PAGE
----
hillary clinton
A Quinnipiac University poll indicates Hillary Clinton would defeat New York Mayor Bill de Blasio in a head-to-head matchup. Above, Clinton speaks at a reception celebrating the completion of the U.S. Diplomacy Center Pavilion in Washington, Jan. 10, 2017. Yuri Gripas/Reuters

As Hillary Clinton prepares to attend the inauguration of President-elect Donald Trump, a poll Wednesday indicated the former Democratic presidential nominee could be the next mayor of New York — if she wanted.

Quinnipiac University found if Clinton ran as an independent against Democratic New York Mayor Bill de Blasio in a runoff, she would beat him 49 percent to 30 percent. In a head-to-head race among Democrats, she leads him 61 percent to 29 percent.

Clinton won the popular vote in the 2016 presidential race nationally by 3 million votes and overwhelmingly won her adopted hometown of New York, receiving 79 percent of the vote, nearly 2 million votes to Trump’s 461,184.

Clinton has not said she’s interested in running for mayor, and Politico reported she’s spent the time since the election coming to grips with her defeat. But she has not shot down rumors she might run.

The next New York mayoral election is Nov. 7.

New Yorkers are divided on how de Blasio is doing in office. Forty-five percent approve of the job he’s doing while 46 percent disapprove. On whether he deserves re-election, 49 percent said no, 42 percent, yes.

"New Yorkers aren't in love with Mayor Bill de Blasio, but they seem to like him better than other possible choices — except Hillary Clinton, who probably is an impossible choice," said Tim Malloy, assistant director of the Quinnipiac University Poll.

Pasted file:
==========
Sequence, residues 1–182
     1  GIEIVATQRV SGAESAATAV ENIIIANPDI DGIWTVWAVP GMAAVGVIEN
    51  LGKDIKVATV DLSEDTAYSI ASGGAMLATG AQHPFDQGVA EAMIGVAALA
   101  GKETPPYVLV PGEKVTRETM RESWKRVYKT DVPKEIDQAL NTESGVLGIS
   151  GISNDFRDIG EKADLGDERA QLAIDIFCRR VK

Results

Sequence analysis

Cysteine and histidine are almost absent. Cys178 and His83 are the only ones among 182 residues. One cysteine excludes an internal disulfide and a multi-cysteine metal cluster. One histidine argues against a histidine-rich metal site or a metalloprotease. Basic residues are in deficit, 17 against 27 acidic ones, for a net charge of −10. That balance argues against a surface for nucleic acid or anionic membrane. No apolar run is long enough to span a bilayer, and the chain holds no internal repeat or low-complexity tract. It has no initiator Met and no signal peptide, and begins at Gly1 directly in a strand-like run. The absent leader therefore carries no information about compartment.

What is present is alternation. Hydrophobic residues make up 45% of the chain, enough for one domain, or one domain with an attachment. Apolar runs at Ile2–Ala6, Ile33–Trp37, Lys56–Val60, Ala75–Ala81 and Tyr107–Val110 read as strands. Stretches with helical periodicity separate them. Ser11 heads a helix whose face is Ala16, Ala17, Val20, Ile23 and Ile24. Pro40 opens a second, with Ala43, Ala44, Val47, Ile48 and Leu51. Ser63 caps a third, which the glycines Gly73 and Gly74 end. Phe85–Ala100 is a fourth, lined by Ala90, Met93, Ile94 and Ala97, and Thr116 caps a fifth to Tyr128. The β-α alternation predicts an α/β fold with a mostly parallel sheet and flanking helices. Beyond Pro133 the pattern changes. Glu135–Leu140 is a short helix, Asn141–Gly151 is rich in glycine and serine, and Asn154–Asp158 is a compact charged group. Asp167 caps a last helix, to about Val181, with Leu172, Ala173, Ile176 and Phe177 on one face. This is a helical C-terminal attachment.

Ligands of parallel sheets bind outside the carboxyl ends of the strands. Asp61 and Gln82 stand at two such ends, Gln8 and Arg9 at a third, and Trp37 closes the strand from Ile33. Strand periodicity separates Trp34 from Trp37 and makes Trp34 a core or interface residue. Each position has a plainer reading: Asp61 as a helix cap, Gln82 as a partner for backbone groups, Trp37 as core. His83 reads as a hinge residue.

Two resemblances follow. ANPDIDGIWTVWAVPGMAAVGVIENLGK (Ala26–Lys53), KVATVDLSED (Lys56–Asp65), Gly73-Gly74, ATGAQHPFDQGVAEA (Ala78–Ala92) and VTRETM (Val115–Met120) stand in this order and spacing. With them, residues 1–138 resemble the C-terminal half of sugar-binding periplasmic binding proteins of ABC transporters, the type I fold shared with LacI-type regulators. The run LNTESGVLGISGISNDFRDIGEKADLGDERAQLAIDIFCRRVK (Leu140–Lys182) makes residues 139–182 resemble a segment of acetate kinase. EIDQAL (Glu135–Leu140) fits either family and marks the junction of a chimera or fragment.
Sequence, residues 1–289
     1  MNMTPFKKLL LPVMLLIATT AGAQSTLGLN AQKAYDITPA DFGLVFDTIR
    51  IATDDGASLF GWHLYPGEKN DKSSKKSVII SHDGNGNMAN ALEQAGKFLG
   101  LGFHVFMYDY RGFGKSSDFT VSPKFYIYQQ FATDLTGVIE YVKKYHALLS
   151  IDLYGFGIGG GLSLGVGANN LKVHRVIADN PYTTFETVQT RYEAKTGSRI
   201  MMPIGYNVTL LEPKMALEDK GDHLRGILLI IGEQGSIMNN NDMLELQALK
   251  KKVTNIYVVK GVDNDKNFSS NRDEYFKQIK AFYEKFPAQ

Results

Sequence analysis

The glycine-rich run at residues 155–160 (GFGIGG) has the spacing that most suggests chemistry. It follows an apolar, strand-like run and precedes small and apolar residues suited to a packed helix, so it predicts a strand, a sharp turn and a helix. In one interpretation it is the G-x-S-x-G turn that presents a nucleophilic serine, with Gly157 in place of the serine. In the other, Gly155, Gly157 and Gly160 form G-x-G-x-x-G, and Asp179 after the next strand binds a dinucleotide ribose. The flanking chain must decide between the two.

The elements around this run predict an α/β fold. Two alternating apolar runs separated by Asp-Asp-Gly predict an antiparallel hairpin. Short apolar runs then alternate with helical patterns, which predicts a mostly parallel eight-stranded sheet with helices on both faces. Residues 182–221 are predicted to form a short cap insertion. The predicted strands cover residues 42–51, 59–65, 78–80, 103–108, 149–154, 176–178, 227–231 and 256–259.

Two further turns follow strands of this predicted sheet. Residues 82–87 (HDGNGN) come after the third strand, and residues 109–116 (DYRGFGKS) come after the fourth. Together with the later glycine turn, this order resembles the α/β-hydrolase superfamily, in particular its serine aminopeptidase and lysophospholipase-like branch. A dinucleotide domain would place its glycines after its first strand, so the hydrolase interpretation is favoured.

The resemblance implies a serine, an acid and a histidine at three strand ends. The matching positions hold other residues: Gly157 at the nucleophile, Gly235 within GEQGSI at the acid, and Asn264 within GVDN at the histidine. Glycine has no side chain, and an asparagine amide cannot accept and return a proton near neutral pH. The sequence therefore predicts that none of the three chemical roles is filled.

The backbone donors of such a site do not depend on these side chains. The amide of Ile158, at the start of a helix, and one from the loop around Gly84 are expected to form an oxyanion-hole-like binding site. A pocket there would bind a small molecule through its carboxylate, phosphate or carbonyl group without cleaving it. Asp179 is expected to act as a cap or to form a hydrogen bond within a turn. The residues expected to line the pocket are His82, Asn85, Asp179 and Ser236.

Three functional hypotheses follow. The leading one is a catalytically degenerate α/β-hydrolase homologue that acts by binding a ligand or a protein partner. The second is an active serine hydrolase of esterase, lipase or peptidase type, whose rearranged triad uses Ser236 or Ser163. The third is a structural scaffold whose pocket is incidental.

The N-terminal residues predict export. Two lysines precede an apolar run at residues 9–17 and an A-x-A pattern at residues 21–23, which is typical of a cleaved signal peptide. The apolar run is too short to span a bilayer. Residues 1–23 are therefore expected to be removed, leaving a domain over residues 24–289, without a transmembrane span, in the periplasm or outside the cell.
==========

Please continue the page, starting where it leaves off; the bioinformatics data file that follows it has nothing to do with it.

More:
"None of the possible contenders has made any real noise or spent any money, so this race still could get interesting."

The poll indicated de Blasio would win a Democratic primary but just with a plurality, meaning he would face a run-off. If the field included former City Council Speaker Christine Quinn, city Comptroller Scott Stringer, Rep. Hakeem Jeffries, Bronx Borough President Ruben Diaz Jr. and state Sen. Tony Avella, the poll indicated de Blasio would eek out 40 percent.

If Clinton is thrown into the mix, she leads de Blasio 61 percent to 29 percent among Democrats and 45 percent to 31 percent among independents. Among Republicans, de Blasio leads 28 percent to 18 percent. She also leads among men, women, black, white and Hispanic voters. The only borough where de Blasio leads is Staten Island.

Half of voters say de Blasio is trustworthy.

The poll was conducted Jan. 11-17 among 1,138 New York City voters. It had a margin of error of 2.9 percentage points.